Scientists working on the MARTE (Mars Astrobiology Research and Technology Experiment) project have been drilling into the ground around the Rio Tinto in Spain. They were studying underground environments and discovered areas that were inhospitable to life.
Inhospitable, that is, until they were colonized by tough microbes.
These organisms improved conditions so much that other creatures could move in. This has important implications when looking for life on other planets.
Living in harmony
The Rio Tinto, or Red River, is naturally polluted by iron deposits upstream so that its water takes on a deep reddish or orange hue.
The team, led by David Fernández-Remolar of the Centro de Astrobiología in Spain, expected the underground areas to be barren. They were understandably surprised to find places perfect for microscopic life. What was going on?
The answer came in the form of tiny microbes that reacted with the rocks and then gave off heat. It wasn't much — just enough to raise the overall temperature and make the environment more liveable.
So just by colonizing an area under the ground, the microbes made it habitable for other forms of life. They're like construction workers, building comfortable homes for others.
Of course, the microbes weren't trying to make conditions better — it's just a happy side effect of their natural processes.
The researchers also found that the acidic conditions they were expecting had been neutralized by metals, making the water safe for life. The microbes aren't involved in this process, although they do benefit from it.
Such a two-tiered system could make areas on other planets relatively cozy for simple life. It can even help us find evidence for past or present life on Mars: We could look for slight temperature increases near the surface, or the chemicals that reduce water acidity.
Such tell-tale signs would indicate that the same mechanisms working around the Rio Tinto could be happening on Mars.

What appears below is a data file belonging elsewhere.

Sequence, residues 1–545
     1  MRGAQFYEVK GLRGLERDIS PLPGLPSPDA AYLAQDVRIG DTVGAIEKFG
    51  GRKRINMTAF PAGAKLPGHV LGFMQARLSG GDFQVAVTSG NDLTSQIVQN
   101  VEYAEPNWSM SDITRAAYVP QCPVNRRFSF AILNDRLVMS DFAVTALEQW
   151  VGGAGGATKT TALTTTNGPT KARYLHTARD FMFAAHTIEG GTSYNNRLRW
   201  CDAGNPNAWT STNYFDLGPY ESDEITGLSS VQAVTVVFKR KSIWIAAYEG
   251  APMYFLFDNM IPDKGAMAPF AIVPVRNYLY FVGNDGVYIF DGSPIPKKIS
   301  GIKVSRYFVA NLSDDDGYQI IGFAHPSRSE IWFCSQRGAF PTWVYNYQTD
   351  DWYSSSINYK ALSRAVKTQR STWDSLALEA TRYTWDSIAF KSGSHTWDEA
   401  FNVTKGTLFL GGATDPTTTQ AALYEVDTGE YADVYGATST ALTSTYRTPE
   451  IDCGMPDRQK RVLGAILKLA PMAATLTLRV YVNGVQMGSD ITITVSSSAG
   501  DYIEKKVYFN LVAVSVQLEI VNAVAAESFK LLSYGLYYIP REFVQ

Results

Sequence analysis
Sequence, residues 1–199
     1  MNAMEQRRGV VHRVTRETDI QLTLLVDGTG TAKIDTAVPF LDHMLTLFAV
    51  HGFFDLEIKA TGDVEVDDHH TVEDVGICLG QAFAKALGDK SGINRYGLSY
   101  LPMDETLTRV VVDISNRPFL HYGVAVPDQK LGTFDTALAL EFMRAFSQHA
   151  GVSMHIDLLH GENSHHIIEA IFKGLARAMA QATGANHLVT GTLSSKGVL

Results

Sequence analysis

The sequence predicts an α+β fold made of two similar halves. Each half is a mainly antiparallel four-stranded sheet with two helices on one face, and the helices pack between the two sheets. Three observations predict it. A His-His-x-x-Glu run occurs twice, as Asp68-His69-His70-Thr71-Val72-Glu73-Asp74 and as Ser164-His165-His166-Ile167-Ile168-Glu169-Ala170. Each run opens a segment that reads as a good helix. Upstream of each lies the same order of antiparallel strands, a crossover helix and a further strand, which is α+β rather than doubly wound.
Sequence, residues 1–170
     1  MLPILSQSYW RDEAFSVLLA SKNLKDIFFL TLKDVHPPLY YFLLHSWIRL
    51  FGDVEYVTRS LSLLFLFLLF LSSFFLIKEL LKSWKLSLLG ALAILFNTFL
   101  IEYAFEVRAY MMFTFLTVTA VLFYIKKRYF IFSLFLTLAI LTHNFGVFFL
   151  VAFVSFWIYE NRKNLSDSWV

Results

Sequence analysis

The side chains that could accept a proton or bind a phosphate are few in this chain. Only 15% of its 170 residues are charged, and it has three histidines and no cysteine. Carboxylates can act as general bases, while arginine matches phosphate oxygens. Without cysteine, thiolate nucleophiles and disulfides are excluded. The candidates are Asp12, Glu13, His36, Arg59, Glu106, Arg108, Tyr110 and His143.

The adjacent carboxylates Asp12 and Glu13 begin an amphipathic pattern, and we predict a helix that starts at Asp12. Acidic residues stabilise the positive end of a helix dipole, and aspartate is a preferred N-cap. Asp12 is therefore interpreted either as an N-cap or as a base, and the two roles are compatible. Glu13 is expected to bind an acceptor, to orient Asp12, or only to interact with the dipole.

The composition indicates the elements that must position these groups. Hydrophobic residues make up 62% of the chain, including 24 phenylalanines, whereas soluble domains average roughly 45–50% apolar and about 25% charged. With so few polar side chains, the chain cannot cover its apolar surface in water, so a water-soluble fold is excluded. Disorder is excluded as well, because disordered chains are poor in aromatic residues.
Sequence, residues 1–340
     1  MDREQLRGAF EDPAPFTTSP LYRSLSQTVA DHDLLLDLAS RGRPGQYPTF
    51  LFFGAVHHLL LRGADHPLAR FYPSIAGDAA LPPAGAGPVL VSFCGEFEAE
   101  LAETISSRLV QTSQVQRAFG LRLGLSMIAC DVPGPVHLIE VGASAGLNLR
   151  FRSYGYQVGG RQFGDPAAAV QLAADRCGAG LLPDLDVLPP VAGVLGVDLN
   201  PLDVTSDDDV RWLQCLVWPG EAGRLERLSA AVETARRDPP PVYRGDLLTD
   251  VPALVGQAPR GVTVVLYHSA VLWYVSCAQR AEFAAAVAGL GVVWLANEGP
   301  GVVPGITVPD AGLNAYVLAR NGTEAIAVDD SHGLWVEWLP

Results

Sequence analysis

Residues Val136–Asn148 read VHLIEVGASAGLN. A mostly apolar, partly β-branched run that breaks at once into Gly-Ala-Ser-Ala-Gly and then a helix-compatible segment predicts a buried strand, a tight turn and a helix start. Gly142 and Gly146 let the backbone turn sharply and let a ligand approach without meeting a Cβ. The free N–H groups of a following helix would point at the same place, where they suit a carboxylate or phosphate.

Martian rock pools
Using these discoveries, we can imagine how life on Mars could have developed.
Conditions on the red planet in the past were very different from today. There was probably warm water underground, which would have helped make certain metallic ores. These are important as they could have been used as food for the "construction worker" microbes.
As they grew and reacted with the rocks around them, the microbes would have generated heat, making their environment warmer.
It would have still been bitterly cold, but salts would have kept the water liquid, even if the temperature dipped below the freezing point.
This shallow water could have protected the microbes and any other life from the sun's normally lethal ultraviolet radiation.
Metals in the rocks would have made sure that the water wasn't too acidic. Over time other organisms could have colonized the area after the first microbes had made conditions much nicer for life. The result would have been simple Martian rock pools teeming with strange microbial life.
Looking into one such pool with a microscope would be a dream come true for astrobiologists.
It may be possible that the inner habitats of planets were not only the first refuge of life, but may also have become the last for planets such as Mars," the researchers report.
Once our technology for studying planets around other stars improves, we could search for signs of life like this around distant worlds. They may not be as glamorous as aliens we could talk to, but these hard-working microbes may well provide the foundations for areas filled with exotic life.
The research is detailed in the spring issue of the journal Astrobiology.
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